Pittsburgh: We know the team didn’t do anything to correct its playoff attitude issues; same coach, same captain, same mix of ‘leaders’. We know that having the goalie see a sports psychologist is a step, but we also know complete rebuilds of a persons psyche can take years if they occur at all.

Washington: We know the Capitals have a limited window to win with the current core of Ovechkin,  Backstrom, Laich, Greene, Alzner, and Carlson, We know some of them might not be in D.C. if/when the Cup is hoisted by the local boys. We know Adam Oates is still on a short leash because in any sane universe George McFee is on an even shorter one. We know that the Capitals (probably don’t operate in a sane universe.

Hockey is won by the men on the ice. Period. Last night Joel Ward took a penalty that was egregiously absent minded and left Carl Hagelin a little less pretty than his Momma remembers. That’s unfortunate. No one, starting with Joel Ward, wished it to happen.

Off the ice it triggered this:

@ do you think Joel Ward is in fact an alias for Joseph Kony?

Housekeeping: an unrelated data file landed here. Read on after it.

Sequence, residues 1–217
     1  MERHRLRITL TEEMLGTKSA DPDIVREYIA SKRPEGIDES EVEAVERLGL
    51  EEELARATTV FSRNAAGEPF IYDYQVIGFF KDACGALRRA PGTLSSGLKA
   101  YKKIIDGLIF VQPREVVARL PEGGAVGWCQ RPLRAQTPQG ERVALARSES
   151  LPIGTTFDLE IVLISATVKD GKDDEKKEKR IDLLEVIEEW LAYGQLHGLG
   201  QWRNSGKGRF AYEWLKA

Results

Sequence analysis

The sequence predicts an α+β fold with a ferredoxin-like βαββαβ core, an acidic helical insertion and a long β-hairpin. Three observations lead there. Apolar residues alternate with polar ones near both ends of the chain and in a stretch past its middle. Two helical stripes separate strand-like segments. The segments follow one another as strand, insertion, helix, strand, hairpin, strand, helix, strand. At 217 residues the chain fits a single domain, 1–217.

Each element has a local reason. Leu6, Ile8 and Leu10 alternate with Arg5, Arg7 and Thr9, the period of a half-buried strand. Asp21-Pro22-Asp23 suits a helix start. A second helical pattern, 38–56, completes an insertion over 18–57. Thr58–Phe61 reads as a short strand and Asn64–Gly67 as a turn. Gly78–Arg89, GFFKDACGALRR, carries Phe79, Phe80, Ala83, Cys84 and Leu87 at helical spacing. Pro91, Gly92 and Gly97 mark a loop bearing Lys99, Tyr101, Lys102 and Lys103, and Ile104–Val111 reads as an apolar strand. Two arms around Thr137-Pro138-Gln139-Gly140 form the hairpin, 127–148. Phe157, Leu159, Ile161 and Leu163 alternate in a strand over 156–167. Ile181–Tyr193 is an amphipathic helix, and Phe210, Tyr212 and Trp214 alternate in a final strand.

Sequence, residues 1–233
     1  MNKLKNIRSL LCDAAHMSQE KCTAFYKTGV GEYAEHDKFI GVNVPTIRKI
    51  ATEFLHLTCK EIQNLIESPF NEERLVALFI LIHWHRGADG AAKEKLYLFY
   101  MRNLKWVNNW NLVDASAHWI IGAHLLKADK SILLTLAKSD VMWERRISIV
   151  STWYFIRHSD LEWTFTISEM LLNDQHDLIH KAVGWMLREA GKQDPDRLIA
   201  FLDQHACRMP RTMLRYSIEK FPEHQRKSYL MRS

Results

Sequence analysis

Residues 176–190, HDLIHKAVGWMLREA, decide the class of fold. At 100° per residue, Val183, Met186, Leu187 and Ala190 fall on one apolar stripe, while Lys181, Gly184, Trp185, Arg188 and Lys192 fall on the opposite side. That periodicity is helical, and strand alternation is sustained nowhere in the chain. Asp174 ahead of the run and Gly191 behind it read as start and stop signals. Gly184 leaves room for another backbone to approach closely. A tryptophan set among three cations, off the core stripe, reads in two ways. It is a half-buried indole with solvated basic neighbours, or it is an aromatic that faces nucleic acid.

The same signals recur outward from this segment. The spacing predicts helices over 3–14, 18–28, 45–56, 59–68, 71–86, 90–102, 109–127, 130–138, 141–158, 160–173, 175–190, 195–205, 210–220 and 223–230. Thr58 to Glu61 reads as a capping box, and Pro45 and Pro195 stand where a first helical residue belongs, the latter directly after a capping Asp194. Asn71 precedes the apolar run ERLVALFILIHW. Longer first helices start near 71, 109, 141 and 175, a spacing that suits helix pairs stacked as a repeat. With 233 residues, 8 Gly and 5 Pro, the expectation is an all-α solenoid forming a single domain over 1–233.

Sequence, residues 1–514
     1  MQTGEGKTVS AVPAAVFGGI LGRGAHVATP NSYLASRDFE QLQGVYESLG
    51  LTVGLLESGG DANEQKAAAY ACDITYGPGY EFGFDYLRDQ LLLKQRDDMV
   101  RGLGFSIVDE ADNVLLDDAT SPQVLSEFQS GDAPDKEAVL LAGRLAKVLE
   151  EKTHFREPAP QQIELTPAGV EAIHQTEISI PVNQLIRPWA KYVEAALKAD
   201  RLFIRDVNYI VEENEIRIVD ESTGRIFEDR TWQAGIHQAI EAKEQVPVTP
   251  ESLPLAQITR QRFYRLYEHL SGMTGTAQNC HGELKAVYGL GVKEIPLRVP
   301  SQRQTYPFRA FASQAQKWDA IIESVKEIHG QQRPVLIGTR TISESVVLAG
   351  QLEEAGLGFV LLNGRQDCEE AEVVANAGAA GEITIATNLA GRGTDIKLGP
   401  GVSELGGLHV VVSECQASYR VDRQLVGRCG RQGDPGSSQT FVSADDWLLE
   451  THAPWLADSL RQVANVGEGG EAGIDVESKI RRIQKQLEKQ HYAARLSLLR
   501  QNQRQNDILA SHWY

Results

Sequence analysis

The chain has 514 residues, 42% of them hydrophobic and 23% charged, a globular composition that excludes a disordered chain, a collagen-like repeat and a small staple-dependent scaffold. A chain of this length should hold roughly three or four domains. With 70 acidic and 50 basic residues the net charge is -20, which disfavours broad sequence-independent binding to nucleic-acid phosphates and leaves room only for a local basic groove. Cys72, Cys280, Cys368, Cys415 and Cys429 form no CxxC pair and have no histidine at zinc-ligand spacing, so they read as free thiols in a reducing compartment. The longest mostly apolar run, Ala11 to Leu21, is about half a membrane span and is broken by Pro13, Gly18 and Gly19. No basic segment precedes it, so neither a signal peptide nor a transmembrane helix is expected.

@randallhanlan
Randall Hanlan

STUPID NIGGER I BLAME YOU. SKATE AWAY IN SHAME #WARD
@JayP1zzle
JP Kraus

Which are only slightly more blatantly stupid than tweets like this:

STUPID NIGGER I BLAME YOU. SKATE AWAY IN SHAME #WARD
@JayP1zzle
JP Kraus

Rewind to that first sentence of this story.


That video seems to show:

  1. A goaltender out of position.
  2. Defensemen who have allowed not one but two opposing forwards to the net unimpeded.
  3. Forwards who failed to block the shots and then didn’t recover very quickly. That’s the tying goal.

After 17 minutes of rest, three of those four skaters, and the goalie produce this:

This one is even easier to breakdown:

  1. Faceoff loss.
  2. Defense of the Rangers left wide open.
  3. Horrid shot blocking technique.
  4. The attempts to block the shot screening the shot so totally the goaltender had no look at it until it was past them.

In two minutes of ice time 19:52 of the 3rd and 1:35 of OT, Holtby, Carlson, Alzner, and Laich are on the ice for what may be two closest goals scored by a single team of the entire series. Yet somehow this is the fault of someone not on the ice? Joel Ward certainly screwed up, but these four failed.

This is a feature that will run about every two weeks with improbable stats and situations in the National Hockey League.

Teams:

  • there would be three eastern conference teams in playoff position who did not make the playoffs last year: Ottawa, Toronto, New Jersey